My nephew often storms out of his room griping about his internet from playing some ps4 games and he's watching some ping monitor and talking about these spikes.. and he's dying in some virtual world of shoot'em'up treachery because of one data packet that stumbled :lol: . He's just doesn't get that idea that all of this stuff can be just like vehicle road traffic in a big city, where you'll have an accident on occasion and it hangs things up for a short time, or there will be some road damage or an actual bad design in the road given a certain traffic load, or road construction going on and that can prove to be another type of issue changing how the results end up.

So, just thought I'd throw it out there. :wink:

I would guess the best interpretation of monitoring "the connection" would be to find only the most distant nearby connection point that is never an alternate. For me that's somewhere between hop 2 and 3. And in this particular trace clearly hop 3 to 4 looks like it probably gets onto some great fiberous pathways... -it takes me over 15ms to get across the city, yet only about another 0.8ms! to get about another 80 miles away to Tampa.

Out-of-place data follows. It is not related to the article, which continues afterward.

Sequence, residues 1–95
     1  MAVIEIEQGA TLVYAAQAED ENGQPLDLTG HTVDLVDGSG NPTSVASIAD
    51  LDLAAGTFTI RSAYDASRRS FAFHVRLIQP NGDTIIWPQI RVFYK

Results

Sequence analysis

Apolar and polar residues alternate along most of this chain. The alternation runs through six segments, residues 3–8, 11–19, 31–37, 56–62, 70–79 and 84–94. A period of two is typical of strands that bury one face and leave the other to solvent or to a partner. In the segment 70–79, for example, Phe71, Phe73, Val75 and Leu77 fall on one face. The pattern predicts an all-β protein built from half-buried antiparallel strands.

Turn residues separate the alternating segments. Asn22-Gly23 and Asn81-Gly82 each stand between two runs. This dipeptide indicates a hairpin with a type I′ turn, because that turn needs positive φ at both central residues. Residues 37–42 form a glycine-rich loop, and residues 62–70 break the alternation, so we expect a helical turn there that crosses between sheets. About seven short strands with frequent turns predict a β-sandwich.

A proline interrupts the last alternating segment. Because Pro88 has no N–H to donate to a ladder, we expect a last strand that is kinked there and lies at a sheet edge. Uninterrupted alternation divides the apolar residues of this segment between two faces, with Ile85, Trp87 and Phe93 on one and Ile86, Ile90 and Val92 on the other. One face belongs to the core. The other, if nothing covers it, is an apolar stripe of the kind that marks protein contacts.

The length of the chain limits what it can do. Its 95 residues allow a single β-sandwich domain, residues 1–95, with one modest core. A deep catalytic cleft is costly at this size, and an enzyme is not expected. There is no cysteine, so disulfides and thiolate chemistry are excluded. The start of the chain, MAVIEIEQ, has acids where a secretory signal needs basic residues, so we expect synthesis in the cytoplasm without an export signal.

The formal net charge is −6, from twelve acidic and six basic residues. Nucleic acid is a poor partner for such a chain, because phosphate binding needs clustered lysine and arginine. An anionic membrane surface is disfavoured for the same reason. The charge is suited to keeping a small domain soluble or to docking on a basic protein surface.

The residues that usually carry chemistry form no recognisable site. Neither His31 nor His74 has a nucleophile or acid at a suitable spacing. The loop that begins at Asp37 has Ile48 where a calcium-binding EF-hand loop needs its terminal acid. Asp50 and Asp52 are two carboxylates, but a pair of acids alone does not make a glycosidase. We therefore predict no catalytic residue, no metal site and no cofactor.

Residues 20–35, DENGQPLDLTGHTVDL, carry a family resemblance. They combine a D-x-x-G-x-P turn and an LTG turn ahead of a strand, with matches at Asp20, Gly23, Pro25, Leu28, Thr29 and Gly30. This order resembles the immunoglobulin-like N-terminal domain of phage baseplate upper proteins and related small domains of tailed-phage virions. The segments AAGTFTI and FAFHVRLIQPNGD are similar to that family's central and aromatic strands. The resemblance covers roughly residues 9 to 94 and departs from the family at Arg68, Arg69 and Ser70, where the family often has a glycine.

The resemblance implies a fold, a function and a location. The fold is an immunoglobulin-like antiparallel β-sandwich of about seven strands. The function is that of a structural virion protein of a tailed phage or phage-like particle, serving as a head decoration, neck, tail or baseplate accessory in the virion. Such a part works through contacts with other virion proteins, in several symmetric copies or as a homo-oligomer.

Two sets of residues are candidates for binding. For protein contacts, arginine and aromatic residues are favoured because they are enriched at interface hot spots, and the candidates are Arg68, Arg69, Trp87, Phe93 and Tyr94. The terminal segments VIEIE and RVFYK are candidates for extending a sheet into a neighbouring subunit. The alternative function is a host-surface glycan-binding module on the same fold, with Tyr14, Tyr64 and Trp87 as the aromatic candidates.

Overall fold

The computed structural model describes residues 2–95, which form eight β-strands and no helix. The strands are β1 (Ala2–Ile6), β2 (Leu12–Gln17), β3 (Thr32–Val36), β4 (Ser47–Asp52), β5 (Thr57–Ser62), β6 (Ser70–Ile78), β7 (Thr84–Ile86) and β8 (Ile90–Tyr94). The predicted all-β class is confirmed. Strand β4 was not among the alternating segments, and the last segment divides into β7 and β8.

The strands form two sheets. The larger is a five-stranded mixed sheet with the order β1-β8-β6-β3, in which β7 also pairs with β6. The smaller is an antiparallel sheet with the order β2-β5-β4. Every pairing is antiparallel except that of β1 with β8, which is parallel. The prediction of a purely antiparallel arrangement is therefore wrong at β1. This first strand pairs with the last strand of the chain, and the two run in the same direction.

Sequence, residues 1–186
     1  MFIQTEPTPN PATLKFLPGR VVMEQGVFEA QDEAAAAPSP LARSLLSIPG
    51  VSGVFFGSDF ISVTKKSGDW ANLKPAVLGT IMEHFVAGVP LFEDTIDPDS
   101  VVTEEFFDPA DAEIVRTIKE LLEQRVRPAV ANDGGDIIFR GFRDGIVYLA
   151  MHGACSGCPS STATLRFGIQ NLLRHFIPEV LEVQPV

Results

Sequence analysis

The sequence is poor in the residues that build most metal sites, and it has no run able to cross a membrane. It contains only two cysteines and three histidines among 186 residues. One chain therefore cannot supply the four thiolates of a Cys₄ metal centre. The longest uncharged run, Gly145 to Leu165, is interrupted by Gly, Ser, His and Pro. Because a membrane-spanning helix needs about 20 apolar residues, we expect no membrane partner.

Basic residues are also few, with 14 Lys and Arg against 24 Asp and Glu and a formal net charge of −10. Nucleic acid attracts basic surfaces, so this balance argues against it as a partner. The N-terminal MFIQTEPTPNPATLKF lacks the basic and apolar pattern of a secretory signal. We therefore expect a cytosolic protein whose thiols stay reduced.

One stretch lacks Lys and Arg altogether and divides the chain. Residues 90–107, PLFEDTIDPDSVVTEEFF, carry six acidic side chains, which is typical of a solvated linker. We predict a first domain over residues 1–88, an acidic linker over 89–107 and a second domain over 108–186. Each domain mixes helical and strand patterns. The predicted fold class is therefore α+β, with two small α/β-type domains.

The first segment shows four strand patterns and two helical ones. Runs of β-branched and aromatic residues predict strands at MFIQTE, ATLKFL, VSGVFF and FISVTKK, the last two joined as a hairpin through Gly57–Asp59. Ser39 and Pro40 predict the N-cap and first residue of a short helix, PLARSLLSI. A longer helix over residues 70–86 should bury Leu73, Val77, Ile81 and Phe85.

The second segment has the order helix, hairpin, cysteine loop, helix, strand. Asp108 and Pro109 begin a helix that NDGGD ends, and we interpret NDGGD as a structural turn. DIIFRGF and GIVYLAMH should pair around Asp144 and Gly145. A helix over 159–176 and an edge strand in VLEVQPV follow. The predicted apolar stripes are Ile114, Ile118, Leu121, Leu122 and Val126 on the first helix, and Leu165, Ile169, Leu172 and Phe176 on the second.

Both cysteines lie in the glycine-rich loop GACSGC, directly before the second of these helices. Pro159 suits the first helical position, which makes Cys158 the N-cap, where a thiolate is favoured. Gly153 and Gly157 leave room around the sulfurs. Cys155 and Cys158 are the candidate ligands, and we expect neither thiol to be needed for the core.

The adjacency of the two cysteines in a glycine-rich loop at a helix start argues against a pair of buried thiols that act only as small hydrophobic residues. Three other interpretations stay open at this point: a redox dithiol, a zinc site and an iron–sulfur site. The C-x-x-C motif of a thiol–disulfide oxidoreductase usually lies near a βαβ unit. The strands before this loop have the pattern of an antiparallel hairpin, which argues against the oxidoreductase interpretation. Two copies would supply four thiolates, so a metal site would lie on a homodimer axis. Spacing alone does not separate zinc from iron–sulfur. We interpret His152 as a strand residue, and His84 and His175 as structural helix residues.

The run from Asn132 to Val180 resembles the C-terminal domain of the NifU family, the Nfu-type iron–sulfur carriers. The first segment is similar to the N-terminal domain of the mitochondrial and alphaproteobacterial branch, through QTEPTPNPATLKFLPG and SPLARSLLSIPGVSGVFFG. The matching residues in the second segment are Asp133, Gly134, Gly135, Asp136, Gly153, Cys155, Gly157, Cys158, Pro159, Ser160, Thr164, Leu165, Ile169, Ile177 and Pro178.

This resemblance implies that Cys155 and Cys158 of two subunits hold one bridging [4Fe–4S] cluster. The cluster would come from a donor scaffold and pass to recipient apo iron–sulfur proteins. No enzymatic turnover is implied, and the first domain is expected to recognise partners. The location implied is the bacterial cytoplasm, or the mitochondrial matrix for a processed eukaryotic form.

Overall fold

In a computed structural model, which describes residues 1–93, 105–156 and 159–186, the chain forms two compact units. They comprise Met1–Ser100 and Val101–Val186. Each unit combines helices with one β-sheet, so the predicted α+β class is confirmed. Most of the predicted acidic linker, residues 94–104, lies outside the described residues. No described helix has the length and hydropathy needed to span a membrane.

If you do a search for "speedtest" and play with those examples for a minute you might be able to find a specific server node right in your city that is setup for ping tests(a good candidate for doing this type of thing they are typically set on some great equipment pathways). Otherwise check if you can ping one of your nearby connection points. Or maybe just set 2 or 3 different very distant ping points like Miami, Maine, San Francisco or wherever is appropriate geographically to really get a good composite monitoring idea(or ask AndyMH to do it for you and interpolate each previous ping result with the current and combine and average them :P ).